Clinical and histopathological analysis of metastatic brain tumours: A single-centre experience

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Ganime Çoban
Zeynep Sezal
Feray Günver

Abstract

Objective: The aim of this study is to determine the demographic and clinical findings of cases which have been operated for a brain mass and have metastasis, to analyse the histopathological findings, to draw attention to the molecular tests that are effective in the treatment of the primary tumour, and to compare our results with the literature data.


Material and Methods: One hundred seventy cases diagnosed with brain metastasis tumour between January 2012-2021 were analysed retrospectively. The clinical findings and demographic information of the cases were recorded from the hospital information system. The diagnoses of the patients diagnosed with metastasis, the analysis of the cases with or without a primary tumour at the time of diagnosis, and the immunohistochemical staining applied to detect the primary metastasis were recorded.


Results: Sixty-seven of the cases were female, and one hundred three were male.  The youngest case was 14, and the oldest case was 90 years old (Mean 55.6 ± 14).  While the clinical findings in 35 of the cases were solely headache, 41 patients also had at least one of the symptoms such as dizziness, seizure, weakness, and ataxia in addition to headache. The primary was unknown at the time of diagnosis of brain metastasis in 63 of the cases. There was a single focus in 107 cases, and multiple metastasis focus in 63 patients.  Among all cases, lung (84), breast (24) colorectal (15), kidney (9) metastases were the most common. Primary focus could not be detected in 2 of the cases (neuroendocrine carcinoma and adenocarcinoma) despite all imaging techniques as well as immunohistochemical findings.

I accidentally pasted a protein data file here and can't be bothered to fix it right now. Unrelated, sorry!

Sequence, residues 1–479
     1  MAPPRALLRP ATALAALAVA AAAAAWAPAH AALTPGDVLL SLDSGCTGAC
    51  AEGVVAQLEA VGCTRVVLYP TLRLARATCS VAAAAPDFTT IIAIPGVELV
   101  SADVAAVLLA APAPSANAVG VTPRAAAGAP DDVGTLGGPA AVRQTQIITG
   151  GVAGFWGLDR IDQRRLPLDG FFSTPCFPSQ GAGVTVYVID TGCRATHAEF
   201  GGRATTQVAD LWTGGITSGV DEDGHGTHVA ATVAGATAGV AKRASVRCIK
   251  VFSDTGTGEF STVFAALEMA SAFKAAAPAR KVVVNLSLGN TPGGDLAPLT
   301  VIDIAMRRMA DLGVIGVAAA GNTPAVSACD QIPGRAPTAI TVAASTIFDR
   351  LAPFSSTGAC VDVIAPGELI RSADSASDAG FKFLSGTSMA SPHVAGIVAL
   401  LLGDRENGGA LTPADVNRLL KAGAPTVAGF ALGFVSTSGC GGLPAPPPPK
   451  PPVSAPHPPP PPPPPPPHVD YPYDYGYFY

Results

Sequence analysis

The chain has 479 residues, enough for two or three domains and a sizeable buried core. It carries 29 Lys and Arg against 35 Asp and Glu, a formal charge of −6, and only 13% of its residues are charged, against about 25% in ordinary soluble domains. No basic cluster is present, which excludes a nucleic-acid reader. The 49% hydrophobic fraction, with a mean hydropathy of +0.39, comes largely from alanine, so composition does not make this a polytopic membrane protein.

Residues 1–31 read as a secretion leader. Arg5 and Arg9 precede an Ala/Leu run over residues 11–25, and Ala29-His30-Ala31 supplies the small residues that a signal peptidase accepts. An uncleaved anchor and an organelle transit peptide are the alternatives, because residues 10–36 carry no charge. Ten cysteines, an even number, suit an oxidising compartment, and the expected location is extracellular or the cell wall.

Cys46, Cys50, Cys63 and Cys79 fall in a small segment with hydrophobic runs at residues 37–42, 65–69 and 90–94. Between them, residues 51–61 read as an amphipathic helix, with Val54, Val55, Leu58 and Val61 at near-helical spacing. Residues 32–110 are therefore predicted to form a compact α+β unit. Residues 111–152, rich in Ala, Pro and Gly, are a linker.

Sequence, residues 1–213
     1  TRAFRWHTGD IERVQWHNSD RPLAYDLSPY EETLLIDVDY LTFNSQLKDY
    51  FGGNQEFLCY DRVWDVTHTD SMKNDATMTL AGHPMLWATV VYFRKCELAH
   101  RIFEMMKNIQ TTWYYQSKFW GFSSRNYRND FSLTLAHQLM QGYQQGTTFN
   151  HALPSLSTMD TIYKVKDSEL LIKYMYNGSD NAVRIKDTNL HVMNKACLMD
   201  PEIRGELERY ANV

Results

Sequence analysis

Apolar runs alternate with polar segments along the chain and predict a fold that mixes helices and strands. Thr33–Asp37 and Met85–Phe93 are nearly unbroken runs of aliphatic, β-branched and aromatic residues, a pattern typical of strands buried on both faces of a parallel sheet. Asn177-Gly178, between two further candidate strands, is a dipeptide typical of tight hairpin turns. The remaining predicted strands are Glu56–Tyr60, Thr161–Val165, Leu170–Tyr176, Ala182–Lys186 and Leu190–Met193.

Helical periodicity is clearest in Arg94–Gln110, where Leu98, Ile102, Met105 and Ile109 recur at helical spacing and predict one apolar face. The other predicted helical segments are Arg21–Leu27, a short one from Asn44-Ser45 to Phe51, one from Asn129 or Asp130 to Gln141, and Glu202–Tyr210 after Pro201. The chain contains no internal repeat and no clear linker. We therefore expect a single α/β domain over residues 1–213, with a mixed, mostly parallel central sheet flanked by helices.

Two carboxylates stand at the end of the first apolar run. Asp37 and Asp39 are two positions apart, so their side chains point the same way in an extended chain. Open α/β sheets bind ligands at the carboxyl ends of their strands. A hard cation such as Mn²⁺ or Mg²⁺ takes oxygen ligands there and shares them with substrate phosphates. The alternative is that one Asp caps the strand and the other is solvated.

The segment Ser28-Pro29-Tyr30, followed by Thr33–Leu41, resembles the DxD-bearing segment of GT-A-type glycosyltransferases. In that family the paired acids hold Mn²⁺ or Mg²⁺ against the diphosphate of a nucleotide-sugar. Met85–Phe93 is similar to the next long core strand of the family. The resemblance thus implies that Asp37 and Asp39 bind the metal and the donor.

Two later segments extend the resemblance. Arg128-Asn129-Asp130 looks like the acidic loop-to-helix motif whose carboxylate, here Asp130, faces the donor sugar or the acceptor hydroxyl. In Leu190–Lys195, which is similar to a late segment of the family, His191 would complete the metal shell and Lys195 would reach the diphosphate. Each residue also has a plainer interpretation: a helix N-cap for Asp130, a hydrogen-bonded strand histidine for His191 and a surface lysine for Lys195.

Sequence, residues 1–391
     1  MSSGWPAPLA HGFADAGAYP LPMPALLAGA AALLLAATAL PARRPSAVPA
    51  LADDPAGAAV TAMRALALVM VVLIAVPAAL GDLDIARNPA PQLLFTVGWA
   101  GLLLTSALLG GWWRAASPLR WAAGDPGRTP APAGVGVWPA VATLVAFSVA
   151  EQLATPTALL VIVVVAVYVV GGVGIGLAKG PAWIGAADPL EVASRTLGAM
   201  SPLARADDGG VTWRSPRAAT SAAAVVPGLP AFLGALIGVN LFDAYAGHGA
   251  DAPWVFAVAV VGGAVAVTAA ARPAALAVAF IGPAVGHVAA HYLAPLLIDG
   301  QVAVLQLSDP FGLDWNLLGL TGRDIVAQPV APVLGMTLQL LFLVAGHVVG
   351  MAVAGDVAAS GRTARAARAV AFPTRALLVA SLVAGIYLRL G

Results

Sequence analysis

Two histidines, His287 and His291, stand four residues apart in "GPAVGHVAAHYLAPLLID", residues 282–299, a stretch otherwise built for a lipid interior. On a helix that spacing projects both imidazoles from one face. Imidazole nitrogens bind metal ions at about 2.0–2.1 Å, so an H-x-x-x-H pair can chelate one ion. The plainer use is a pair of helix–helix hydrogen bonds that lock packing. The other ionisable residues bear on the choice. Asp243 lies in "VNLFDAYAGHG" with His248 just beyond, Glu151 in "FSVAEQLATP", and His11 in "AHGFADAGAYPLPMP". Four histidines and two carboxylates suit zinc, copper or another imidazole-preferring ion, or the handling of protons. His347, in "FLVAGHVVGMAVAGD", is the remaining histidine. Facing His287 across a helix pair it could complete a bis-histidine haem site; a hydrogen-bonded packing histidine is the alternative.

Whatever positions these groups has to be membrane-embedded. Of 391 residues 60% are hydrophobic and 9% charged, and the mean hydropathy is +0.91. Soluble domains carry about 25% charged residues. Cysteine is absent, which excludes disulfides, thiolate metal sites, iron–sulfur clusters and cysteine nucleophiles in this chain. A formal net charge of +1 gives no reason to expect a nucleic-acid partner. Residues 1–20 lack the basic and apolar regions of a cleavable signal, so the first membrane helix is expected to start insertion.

Conclusion: The possibility of metastasis is also present in cases with a single lesion and whose primary diagnosis is unknown, and histomorphological analysis become inevitable due to the increase in molecular examinations and the development of patient-specific treatment protocols. Besides, it should not be forgotten that the most common tumour-causing brain metastasis -whether or not the primary is known- is the lung. Kidney tumours may also present with metastasis without manifesting themselves.

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How to Cite
Çoban, G., Sezal, Z., & Günver, F. (2021). Clinical and histopathological analysis of metastatic brain tumours: A single-centre experience. Medical Science and Discovery, 8(6), 379-383. https://doi.org/10.36472/msd.v8i6.557
Section
Research Article

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